Classic feminine bonding activities?
February 20, 2021 1:19 PM   Subscribe

I'm writing a story about women in the 1930's. What are some stereotypically-feminine, friendship/bonding activities which two or more women would have done back then, that aren't specifically focused on men? Looking for activities more in the realm of leisurely intimacy than tedious-chores/housework. For example: plaiting someone's hair, or teaching a friend to dance.
posted by egeanin to Human Relations (35 answers total) 7 users marked this as a favorite
 
Knitting, quilting, embroidering, rolling out pie crusts. (Based on my maternal aunts.)
posted by BostonTerrier at 1:32 PM on February 20 [2 favorites]


You might take some inspiration from Little Women although that was set in the US civil war. The March sisters wrote and acted their own short plays at home, wrote songs and stories, read, mended, painted, went skating and walking.... and did some cooking/charity work for the neighbours.
posted by cranberrymonger at 1:38 PM on February 20 [1 favorite]


Go berry picking, apple picking, mushroom hunting. Preserve the results (though that’s much harder work).

One of my grandmothers who lived in engineering camps had to wait years, sometimes, until one of the other women was also a seamstress and they could fit tricky clothes on each other.

Before cheap recorded music, a lot more people were competent parlor musicians- duets were really popular.
posted by clew at 2:00 PM on February 20 [5 favorites]


What area of the world?

Where much of my family is from, one answer would be specific types of cooking or food processing that are traditionally done in female-family-and-friends groups.

Listening to the radio is another big one from the 30s. People would gather to listen to the radio at one person's house.

Having a cup of coffee or tea together is another one, but depends where you're at. Where much of my family is from it would be coffee.
posted by Rock 'em Sock 'em at 2:00 PM on February 20 [4 favorites]


Playing bridge or mahjong. Just plain old going over a friend’s house for coffee and gossip.
posted by tchemgrrl at 2:01 PM on February 20 [5 favorites]


Needlework patterns of the 1930s have lots of "lunch set" or "tea service" patterns, coördinated placemats and runners and doilies and what-all. Sometimes they’re described as being perfect specifically for gatherings of women. So there could be a lot of setting up a really lovely meal for two, or coffee in the children’s sturdy mugs on the back porch, either one!
posted by clew at 2:09 PM on February 20 [2 favorites]


They might also play golf or tennis together? (A lot of this might also depend on how much money/free time these characters have.)
posted by Countess Sandwich at 2:13 PM on February 20 [1 favorite]


My mom remembers her aunts buying the sheet music for whatever songs were in the hit parade that week and they and their girlfriends would hang out on the porch and sing together, often with people knitting or crocheting.
posted by corey flood at 2:22 PM on February 20 [2 favorites]


If it fits for your characters, dog shows are a great venue for female bonding. A shared obsession with dogs, lots of downtime sitting around talking and gossiping.
posted by HotToddy at 2:28 PM on February 20 [1 favorite]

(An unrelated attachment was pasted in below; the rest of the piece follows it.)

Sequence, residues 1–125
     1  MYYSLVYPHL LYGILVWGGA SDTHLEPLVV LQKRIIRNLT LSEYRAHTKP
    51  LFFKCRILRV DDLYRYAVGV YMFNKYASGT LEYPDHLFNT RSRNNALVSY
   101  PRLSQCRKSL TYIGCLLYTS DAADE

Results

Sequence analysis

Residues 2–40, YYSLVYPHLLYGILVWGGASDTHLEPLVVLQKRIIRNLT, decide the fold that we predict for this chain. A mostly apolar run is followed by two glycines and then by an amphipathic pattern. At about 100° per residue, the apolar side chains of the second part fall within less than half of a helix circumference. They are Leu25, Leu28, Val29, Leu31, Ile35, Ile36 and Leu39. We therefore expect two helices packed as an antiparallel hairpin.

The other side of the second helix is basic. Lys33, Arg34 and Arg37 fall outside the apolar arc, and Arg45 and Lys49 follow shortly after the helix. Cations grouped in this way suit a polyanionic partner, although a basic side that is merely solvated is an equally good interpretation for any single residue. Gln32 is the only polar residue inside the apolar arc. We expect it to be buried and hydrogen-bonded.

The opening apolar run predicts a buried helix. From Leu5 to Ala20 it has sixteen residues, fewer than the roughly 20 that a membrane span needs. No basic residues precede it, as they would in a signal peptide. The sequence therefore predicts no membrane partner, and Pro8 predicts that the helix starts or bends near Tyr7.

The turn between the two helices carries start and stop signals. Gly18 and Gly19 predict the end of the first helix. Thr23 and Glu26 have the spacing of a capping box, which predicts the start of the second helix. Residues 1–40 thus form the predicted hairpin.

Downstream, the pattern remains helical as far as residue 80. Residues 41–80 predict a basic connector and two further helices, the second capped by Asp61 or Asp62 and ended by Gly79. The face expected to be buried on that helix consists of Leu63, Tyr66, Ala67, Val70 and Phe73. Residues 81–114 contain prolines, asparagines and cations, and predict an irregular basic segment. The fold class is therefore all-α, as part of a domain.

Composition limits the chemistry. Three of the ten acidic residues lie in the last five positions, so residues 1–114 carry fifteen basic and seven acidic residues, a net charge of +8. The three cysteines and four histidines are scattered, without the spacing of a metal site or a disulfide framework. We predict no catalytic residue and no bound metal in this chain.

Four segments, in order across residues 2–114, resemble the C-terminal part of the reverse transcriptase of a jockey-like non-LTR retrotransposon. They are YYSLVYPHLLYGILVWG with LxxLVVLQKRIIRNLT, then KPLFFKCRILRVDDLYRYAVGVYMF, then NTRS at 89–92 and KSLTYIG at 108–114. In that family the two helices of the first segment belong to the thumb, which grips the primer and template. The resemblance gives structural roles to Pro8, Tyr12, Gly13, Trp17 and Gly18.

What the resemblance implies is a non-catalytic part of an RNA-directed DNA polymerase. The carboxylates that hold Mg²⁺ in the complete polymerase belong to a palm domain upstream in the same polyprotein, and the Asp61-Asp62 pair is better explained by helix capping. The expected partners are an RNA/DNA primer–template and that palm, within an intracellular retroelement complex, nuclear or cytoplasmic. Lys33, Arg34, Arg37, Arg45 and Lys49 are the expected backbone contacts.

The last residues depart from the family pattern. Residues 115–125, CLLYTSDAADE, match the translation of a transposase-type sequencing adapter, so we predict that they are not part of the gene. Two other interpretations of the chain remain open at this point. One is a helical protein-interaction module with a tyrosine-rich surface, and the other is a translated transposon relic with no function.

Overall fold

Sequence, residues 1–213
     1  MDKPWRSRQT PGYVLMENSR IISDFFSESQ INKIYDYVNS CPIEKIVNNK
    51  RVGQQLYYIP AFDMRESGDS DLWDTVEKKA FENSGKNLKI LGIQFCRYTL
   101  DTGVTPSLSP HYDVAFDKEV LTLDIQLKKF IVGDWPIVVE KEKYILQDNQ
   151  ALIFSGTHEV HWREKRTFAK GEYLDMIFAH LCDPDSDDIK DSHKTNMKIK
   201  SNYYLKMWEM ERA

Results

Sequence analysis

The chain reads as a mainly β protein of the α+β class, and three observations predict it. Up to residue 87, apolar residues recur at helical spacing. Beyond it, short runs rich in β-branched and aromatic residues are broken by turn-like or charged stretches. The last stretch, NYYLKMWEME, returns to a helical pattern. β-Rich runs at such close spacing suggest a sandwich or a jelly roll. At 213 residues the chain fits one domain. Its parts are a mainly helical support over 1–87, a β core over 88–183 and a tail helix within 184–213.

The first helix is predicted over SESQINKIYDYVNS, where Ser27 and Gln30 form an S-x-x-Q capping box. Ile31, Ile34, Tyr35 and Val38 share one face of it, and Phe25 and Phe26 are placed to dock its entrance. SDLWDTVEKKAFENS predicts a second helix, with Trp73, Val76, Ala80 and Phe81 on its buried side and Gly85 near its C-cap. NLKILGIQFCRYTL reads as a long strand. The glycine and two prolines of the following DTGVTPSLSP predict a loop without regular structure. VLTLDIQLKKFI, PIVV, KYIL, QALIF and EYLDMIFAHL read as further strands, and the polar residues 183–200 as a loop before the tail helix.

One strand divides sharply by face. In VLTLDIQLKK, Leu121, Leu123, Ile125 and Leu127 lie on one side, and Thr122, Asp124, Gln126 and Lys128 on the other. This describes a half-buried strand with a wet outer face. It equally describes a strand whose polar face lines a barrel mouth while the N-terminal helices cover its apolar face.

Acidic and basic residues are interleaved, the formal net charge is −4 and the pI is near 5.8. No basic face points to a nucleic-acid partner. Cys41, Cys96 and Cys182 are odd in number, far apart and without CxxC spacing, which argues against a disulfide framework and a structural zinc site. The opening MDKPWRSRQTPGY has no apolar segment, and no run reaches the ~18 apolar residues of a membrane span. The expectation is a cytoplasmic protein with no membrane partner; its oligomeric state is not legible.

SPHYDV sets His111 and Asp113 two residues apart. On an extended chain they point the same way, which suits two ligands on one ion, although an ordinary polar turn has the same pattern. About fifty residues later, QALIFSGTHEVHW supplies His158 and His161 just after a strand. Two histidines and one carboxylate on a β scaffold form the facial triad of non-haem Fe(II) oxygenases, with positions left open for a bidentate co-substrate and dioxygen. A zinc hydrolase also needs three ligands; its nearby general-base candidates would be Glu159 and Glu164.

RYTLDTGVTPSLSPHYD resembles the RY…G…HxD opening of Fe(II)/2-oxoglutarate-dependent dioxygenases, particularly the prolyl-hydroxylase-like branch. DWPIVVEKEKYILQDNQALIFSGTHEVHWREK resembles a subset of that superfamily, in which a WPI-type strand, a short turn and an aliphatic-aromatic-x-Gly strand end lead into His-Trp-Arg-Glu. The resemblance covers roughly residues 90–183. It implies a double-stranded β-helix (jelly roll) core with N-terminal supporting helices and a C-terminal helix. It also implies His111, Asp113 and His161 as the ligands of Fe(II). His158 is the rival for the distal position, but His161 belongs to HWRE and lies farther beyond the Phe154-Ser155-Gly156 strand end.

My mom used to have friends over to listen to records.
posted by FencingGal at 2:33 PM on February 20


Rolling out thin sheets of dough for baklava, and other elaborate baking projects. In my town, the women at the Greek church start baking very early and fill freezers at the church for the annual Greek Festival, a big fundraiser.
posted by theora55 at 2:34 PM on February 20 [1 favorite]


A lot depends on their social and economic class.
posted by The Underpants Monster at 2:55 PM on February 20 [7 favorites]


A lot depends on where your characters are located, as well as their ages and economic class. Much of the 30s is Depression Era, and those details will greatly influence what your characters even can do.
posted by Thorzdad at 2:57 PM on February 20 [2 favorites]


Response by poster: Middle-class Americans in their 20's and 30's! Thank you!
posted by egeanin at 2:58 PM on February 20


Check out The Group for some inspiration--middle- to upper-class female college students.
posted by chiefthe at 3:19 PM on February 20 [2 favorites]


It might also depend on marital status and family background. My grandmother went to the movies and the ice cream parlour with her friends when she was single because there were too many siblings crowded around to have friends over for activities at her parent's home. She was never in a position to move out and make new friends before marriage.
posted by bonobothegreat at 3:26 PM on February 20 [2 favorites]


going for a walk to collect wildflowers together, or four leaf clovers, and then press them in books
posted by cda at 3:34 PM on February 20


"Good works for the poor" has been coded as a middle-class feminine activity since the Victorian era at least. Perhaps volunteering at a soup kitchen or breadline.

Listening to the radio or to records together. Writing and acting out your own radio plays. Going to the county fair.

In an urban environment: going to "the pictures", window-shopping, department store lunches. I feel like every novel I've read set in that era has at least one department store lunch showdown.
posted by basalganglia at 3:38 PM on February 20 [2 favorites]


Must it be "stereotypically" feminine? I have photos of my grandmother and her girlfriends partridge hunting. Late 1930s, northern USA. To hear her tell it, this was not an unusual activity for young women. They would have been in their twenties.
posted by evilmomlady at 3:53 PM on February 20 [1 favorite]